Intel, universities create world network

A host of academic and industrial heavyweights band together to take the lag out of getting data from halfway around the globe.

Intel, Princeton University, the University of California at Berkeley, and a host of other academic and industrial heavyweights have banded together to take the lag out of getting data from halfway around the world.

PlanetLab is an experimental network that sits on top of the Internet that will allow researchers and others to test and build applications that can essentially span the globe.

Work accomplished at PlanetLab is expected eventually to permit sites to broadcast video from computers located around the world in a coordinated fashion to swarms of users simultaneously without bogging down access. Similarly, virus hunters should be able to detect the spread of new viruses or denial-of-service attacks early.

"Our goal is to provide a playing field for people to try their ideas on," said Dave Culler, a U.C. Berkeley professor and manager of Intel's research "lablet" associated with the university. "In the future, applications will spread themselves over a large fraction of the planet."

Although many take worldwide communications for granted, the Internet isn't the stable, instantaneous network it often appears to be. Servers can crash. Excessive router hopping can create delays.

The problems will likely only get worse as new applications and services go online. Corporations are shifting crucial applications to the Internet, and employees are bound to experience slow access times and security problems.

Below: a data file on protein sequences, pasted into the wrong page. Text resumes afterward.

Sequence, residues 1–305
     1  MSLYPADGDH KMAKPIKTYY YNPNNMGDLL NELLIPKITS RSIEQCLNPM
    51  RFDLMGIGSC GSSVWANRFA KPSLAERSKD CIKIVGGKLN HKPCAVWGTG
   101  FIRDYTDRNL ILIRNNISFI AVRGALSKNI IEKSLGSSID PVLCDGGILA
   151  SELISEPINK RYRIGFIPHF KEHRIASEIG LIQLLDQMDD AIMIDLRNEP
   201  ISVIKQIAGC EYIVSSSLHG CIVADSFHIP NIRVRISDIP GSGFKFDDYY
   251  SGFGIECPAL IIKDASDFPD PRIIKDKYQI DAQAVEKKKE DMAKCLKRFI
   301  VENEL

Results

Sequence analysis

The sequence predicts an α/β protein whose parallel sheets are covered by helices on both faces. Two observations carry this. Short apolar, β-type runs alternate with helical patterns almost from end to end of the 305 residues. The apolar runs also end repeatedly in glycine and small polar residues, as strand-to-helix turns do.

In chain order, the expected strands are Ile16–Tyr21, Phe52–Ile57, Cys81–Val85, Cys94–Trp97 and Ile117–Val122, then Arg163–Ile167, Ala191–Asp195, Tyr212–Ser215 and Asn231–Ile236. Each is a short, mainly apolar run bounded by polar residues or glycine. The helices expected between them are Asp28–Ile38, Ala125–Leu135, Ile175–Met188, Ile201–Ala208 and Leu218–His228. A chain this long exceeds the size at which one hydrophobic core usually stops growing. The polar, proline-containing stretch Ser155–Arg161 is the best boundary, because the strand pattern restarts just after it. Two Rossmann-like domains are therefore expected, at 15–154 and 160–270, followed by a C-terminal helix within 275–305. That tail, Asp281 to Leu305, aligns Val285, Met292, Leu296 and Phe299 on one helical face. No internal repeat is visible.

One way around those issues will be to physically distribute applications to a wide variety of computers, which is where PlanetLab comes in. When completed, the network will consist of 1,000 servers geographically dispersed around the world.

Participating researchers will then be able to use slivers of the network as a test bed for optimizing applications to run on multiple

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computers or pull data out of multiple storage systems. A substantial portion of the work will revolve around trying to compensate for traffic patterns and delays that crop up on the Internet.

Researchers try to develop applications with these issues in mind, but testing their ideas remains difficult and expensive in practice.

"There is a very high barrier to entry. How do you get (an application) across 1,000 machines to test?" said Larry Peterson, a professor at Princeton and one of the core designers of the project. "Simulation and emulation doesn't cut it."

Creating a network segregated from the mass of the Net also allows researchers to examine solutions for structural problems with the Web itself. "The Internet has become more rigid and far more brittle," Culler said. "That structure limits how much you can morph or change...Typically, applications are built on a few massive servers."

The network, which was conceived in March 2002, consists of 160 computers dispersed to 65 sites in 16 countries. The machines run a modified version of Red Hat's Linux. The consortium expects to have 300 machines running by the end of the year. The full 1,000-computer network is expected to be complete in a few years.

Ninety-five active research projects are using the network, including Codeen, a project at Princeton geared to improving content delivery, and Sophia, another Princeton project seeking to refine search over distributed computers. NetBait, an Intel project, seeks to detect bugs better. Some of these projects may become integrated eventually into the basic structure of the Internet in the future, Culler said.

"We are going to discover a common set of services that other services can run on," he said.

Other participants include Hewlett-Packard Labs, the Massachusetts Institute of Technology, Harvard University, Cornell University, Rice University, and universities in Israel, China, England, Sweden, Taiwan and Germany.

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